Visually Impaired Top Student Rejected for Hunan Government Job

2016-08-17 12:09:26

The top scorer on the civil service examination in Yueyang, a city in central China’s Hunan province, was not given a job due to his visual impairment, Sixth Tone’s sister publication The Paper reported on Wednesday.

Tan Jinsong, 24, was born with cataracts, is blind in his right eye, and has only partial visibility in his left eye. The congenital disability never bothered him much until he applied for a position at the Legislative Affairs Office in Yueyang.

Tan, who has a bachelor’s degree in law from the Hunan Institute of Science and Technology, topped all other candidates on both the written test and interview, but his application for employment was nevertheless rejected.

Tan Jinsong plays with his smartphone in Yueyang, Hunan province, August 2016. @yueyangguangdian from Weibo

Tan Jinsong plays with his smartphone in Yueyang, Hunan province, August 2016. @yueyangguangdian from Weibo

Zhan Houfu, director of the Legislative Affairs Office in Yueyang’s Yunxi District, where Tan applied to work, told Sixth Tone that Tan was rejected because of standards for the physical examination that apply for all applicants to government departments. “If the physical examination had said Tan was qualified, then we would have recruited him, regardless of whether he’s disabled,” Zhan said.

According to the current General Civil Service Recruitment Physical Examination Standards, issued in 2005, candidates who have “obvious damage to their visual function” are considered not qualified.

Chao Xiangyang, vice president of the Disabled Persons’ Federation of Yueyang City — a government-backed institution — told Sixth Tone that the standards don’t take disabled people into account. He said the central and provincial governments have issued laws and regulations to protect the employment rights of disabled people, but that these standards make it legal for the government to reject people with disabilities.

“If these unreasonable official physical examination standards aren’t changed, similar cases will have the same outcomes,” Chao said.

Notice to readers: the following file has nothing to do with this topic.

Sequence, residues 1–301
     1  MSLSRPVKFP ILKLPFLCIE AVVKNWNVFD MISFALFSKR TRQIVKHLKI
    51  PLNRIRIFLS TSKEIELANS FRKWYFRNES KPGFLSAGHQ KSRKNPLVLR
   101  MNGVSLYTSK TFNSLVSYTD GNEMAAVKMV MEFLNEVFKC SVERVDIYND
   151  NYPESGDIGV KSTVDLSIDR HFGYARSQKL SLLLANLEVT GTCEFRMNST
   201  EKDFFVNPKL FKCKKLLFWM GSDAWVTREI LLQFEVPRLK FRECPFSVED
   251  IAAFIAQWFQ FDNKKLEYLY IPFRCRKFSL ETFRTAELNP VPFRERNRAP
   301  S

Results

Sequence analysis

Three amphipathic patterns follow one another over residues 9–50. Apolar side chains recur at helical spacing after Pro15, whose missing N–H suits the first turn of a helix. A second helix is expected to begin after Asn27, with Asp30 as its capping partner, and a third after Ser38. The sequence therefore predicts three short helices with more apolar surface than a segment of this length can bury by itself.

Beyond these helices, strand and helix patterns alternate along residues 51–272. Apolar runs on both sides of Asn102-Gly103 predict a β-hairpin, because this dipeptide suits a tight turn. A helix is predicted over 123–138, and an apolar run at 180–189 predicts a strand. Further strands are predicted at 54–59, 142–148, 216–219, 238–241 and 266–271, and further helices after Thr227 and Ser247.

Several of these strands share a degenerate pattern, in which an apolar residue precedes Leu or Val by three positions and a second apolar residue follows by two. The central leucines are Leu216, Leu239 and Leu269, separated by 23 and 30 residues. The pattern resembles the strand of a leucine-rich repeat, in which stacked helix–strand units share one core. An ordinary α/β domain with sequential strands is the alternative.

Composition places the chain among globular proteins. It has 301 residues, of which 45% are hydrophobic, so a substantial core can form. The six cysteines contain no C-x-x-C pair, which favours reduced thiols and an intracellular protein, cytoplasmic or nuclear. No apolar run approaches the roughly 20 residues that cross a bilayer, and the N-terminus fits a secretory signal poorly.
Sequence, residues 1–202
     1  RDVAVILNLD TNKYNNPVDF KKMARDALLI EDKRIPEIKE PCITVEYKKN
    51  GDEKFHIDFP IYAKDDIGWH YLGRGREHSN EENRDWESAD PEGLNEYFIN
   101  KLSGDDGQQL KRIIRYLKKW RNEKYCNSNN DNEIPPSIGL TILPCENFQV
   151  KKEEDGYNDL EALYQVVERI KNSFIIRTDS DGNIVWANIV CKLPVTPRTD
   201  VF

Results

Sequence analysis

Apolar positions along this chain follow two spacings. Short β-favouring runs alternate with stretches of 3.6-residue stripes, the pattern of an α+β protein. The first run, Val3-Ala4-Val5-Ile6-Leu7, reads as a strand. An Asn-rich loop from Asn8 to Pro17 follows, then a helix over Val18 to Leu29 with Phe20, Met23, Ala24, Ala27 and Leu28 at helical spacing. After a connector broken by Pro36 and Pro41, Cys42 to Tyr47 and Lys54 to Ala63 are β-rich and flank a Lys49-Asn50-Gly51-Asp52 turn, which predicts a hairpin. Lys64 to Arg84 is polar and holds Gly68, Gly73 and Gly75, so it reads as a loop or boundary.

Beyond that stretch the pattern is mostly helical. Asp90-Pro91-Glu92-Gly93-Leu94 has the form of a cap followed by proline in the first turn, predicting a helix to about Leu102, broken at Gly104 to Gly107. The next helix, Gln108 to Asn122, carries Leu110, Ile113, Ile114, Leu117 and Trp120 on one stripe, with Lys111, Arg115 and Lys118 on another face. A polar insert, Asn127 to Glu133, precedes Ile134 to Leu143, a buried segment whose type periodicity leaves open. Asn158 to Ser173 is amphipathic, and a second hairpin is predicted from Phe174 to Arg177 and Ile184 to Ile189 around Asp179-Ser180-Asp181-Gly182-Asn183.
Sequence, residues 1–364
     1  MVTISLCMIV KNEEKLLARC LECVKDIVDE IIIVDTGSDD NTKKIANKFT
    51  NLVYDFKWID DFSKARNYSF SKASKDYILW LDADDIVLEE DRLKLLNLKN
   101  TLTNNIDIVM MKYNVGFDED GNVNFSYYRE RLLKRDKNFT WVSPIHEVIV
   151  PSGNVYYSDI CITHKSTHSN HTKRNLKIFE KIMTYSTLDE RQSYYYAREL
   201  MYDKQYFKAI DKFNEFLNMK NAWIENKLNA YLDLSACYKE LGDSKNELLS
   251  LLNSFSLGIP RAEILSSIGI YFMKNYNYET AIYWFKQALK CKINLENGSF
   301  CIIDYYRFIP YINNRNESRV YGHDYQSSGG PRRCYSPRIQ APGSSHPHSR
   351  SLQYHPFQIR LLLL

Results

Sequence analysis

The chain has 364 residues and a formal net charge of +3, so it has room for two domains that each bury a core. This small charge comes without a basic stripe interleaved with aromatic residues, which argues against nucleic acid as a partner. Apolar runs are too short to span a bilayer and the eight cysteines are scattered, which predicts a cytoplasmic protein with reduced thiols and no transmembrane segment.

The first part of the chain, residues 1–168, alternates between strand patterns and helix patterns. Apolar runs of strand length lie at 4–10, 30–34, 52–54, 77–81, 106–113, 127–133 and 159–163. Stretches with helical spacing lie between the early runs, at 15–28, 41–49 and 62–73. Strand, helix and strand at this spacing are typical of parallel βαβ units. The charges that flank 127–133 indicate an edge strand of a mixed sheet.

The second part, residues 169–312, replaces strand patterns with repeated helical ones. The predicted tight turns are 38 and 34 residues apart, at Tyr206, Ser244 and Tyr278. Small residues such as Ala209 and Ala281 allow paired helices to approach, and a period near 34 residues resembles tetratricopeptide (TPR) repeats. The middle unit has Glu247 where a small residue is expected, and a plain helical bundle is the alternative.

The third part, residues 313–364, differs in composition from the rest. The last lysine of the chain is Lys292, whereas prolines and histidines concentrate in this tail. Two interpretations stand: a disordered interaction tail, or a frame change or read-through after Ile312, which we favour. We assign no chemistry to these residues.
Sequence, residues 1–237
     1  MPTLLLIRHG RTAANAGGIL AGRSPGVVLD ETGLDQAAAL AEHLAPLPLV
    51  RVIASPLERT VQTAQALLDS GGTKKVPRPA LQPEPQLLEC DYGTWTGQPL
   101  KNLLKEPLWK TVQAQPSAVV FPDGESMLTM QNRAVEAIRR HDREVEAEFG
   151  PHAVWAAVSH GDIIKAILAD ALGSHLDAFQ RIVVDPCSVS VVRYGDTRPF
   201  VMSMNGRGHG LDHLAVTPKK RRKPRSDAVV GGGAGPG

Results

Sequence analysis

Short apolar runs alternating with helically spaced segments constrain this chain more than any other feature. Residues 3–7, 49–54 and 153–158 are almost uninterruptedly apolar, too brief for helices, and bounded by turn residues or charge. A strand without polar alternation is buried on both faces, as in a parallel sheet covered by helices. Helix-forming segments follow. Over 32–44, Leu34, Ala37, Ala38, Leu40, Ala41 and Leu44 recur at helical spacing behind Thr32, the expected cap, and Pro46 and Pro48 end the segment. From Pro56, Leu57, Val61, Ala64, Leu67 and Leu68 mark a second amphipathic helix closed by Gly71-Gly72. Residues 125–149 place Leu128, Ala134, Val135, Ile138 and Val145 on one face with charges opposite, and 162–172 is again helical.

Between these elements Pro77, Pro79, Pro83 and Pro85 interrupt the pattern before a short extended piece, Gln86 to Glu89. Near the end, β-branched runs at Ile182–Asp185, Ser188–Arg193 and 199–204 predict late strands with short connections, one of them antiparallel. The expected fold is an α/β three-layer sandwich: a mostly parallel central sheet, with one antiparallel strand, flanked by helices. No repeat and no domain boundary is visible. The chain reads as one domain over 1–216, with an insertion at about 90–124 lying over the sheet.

Chao’s views are shared by Liu Xiaonan, an associate professor at China University of Political Science and Law. Liu told Sixth Tone the existing physical exam standards can lead to discrimination.

Chao said a possible reason the standards might disregard people with disabilities is that few disabled people show interest in working for the government. “The government may choose not to deal with an issue that few people care about,” said Chao, adding that this is only his second case during his 13 years at the Disabled Persons’ Federation of Yueyang City.

The other case occurred in 2009, when a disabled person was refused by the Yueyang procuratorate because of a leg disability. Chao explained that the case was resolved largely because of the humanity shown by the provincial government, rather than by the law.

According to China’s Regulations on the Employment of Persons with Disabilities, issued in 2007, disabled people should make up at least 1.5 percent of the workforce. Chao said this quota is usually filled by contract workers.

Tan is staying at home for now, unsure of his future and considering whether he should try to sue the people he would ideally like to work for. “I can’t imagine working at a government office which I once sued,” he said. Another option, Tan said, would be to become a lawyer. “But I think law firms are even more ruthless,” he added.

(Header image: A patient undergoes an eye test at Xian First Hospital, Shaanxi province, June 5, 2015. Zhao Bin/VCG)